“She couldn’t possibly give them all the love they need.” If you are a person who has uttered the above statement, come closer so I can slap you. Have we forgotten that in countless cultures around the world, it is customary for big families to all co-exist under one roof? Are we going to seek out all of them and pull them apart, just because it doesn’t seem to fit what we think is ‘normal’?”
- Start ‘Em Young – “I was so pleased when I found this list of primary, targeted words guaranteed to widen every little princess’s vocabulary just enough for her to play with and absorb these crucial messages which will help her form the limits of her intellectual boundaries in years to come.
Thank goodness the set excludes any complicated words like Doctor, or Car, or Career, or heaven forfend: Reading. We don’t want our little ones to get silly ideas in to their heads. The right social conditioning from as early as possible will present the world with compliant, self absorbed, distressed, depressed and anorexic teenagers who are all the more willing to spend, spend, spend on hopeless diet cures, makeup, hidden, guilt ridden chocolate (one of the special words placed here!) and anti-depressants which will really make life worth living.”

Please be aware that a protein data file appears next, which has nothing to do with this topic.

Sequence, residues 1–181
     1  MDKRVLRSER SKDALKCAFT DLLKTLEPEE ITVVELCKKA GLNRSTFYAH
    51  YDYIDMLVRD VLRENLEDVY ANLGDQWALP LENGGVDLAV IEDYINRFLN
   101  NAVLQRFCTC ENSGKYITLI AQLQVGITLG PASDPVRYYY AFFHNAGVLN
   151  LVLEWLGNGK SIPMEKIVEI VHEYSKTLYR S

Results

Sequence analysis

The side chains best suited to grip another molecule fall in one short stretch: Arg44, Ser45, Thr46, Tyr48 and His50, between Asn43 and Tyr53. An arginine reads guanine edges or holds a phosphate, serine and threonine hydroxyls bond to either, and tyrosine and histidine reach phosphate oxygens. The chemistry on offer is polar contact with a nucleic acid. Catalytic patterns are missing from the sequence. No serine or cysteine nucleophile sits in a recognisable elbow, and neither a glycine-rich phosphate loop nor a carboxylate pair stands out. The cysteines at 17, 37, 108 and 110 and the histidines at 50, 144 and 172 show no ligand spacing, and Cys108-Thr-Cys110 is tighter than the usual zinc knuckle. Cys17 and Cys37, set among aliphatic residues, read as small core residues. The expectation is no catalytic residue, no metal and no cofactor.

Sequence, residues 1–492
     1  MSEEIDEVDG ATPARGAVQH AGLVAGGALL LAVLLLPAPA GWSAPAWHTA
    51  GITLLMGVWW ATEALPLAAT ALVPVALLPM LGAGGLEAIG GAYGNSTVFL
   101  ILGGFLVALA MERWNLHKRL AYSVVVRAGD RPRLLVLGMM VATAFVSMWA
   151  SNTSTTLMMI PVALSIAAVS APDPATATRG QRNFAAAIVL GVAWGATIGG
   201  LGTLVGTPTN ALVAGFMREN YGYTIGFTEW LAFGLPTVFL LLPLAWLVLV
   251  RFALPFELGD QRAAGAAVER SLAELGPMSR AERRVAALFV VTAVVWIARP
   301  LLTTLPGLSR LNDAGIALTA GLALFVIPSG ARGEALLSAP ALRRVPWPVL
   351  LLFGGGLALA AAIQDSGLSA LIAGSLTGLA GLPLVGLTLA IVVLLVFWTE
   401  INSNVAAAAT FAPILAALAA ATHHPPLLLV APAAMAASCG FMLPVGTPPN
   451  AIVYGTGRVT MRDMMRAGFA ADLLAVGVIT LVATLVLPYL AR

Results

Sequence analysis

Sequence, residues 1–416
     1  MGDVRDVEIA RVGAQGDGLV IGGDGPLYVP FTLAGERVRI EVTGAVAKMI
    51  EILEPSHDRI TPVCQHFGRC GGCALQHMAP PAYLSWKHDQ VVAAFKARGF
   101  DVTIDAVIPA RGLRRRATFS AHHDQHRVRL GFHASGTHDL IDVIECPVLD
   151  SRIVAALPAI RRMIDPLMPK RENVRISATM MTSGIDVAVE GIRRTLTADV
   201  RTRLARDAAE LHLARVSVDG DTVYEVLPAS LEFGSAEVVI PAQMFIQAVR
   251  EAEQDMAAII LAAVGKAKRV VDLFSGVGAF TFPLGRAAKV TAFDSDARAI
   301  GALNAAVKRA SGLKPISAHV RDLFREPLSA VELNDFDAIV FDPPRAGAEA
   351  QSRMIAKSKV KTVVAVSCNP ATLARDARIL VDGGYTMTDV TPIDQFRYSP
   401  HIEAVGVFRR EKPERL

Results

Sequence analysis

- Babies Having Babies – “Because let’s face it: While girls becoming mothers at age 13 is frighteningly frequent, boys becoming fathers at that age is considerably more rare. Usually the father of a 13 year old mother’s child will be older than her – and very often he’ll be so much older that it was rape in the eyes of the law. ut somehow that’s not an interesting story. Young mothers isn’t really what this is about, is it? It’s about the young fathers. Note the focus on Alfie Patten’s oath to be a good dad. What newspaper would report that a 13 year old girl made such an oath? I can’t think of one. But I can think of plenty who’d suggest she did it to get welfare, and that she’ll be a Welfare Queen for the rest of her life probably with an additional 5 children in as many years. In Alfie’s case Social Services are merely quoted as “keeping an eye on the kids, and standing by to help should it get necessary”.”